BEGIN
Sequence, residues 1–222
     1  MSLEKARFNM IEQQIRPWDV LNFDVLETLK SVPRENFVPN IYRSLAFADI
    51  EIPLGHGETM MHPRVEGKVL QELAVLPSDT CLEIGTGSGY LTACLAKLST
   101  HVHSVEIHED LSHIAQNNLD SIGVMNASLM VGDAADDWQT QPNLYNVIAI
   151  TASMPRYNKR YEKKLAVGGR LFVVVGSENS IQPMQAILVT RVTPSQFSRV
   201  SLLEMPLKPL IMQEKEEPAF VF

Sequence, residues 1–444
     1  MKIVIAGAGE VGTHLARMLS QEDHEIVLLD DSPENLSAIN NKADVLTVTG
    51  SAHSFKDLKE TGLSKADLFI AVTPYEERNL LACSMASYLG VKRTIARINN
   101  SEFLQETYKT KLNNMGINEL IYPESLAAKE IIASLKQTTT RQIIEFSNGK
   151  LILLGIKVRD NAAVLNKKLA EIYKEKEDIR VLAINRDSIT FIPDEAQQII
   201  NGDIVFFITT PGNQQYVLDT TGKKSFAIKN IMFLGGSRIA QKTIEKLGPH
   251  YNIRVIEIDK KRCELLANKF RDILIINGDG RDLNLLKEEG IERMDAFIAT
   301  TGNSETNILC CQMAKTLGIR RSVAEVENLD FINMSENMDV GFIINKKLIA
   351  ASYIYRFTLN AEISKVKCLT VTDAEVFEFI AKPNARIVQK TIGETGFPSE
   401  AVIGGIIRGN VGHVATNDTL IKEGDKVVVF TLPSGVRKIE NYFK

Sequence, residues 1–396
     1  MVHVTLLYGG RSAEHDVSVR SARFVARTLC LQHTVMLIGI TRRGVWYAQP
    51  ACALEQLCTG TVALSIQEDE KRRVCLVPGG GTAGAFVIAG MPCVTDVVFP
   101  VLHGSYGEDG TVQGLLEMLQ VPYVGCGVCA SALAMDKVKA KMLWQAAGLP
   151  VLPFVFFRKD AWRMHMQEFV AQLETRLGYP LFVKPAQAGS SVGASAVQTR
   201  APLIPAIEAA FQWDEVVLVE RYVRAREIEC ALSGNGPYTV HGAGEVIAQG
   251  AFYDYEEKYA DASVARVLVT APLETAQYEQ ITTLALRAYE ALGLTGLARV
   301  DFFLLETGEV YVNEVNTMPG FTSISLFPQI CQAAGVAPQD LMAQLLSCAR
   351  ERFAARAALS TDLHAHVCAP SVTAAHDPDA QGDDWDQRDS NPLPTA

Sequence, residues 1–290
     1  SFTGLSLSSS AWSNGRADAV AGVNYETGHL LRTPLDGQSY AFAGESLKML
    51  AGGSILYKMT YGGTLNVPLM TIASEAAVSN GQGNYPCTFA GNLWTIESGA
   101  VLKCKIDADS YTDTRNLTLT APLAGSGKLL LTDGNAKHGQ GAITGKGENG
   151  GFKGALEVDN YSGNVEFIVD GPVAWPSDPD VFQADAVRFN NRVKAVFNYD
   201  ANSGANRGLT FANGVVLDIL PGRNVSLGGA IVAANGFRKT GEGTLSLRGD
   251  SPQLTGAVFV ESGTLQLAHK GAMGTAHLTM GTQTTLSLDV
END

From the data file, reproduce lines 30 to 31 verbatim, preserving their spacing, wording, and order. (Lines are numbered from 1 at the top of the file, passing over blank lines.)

   151  GFKGALEVDN YSGNVEFIVD GPVAWPSDPD VFQADAVRFN NRVKAVFNYD
   201  ANSGANRGLT FANGVVLDIL PGRNVSLGGA IVAANGFRKT GEGTLSLRGD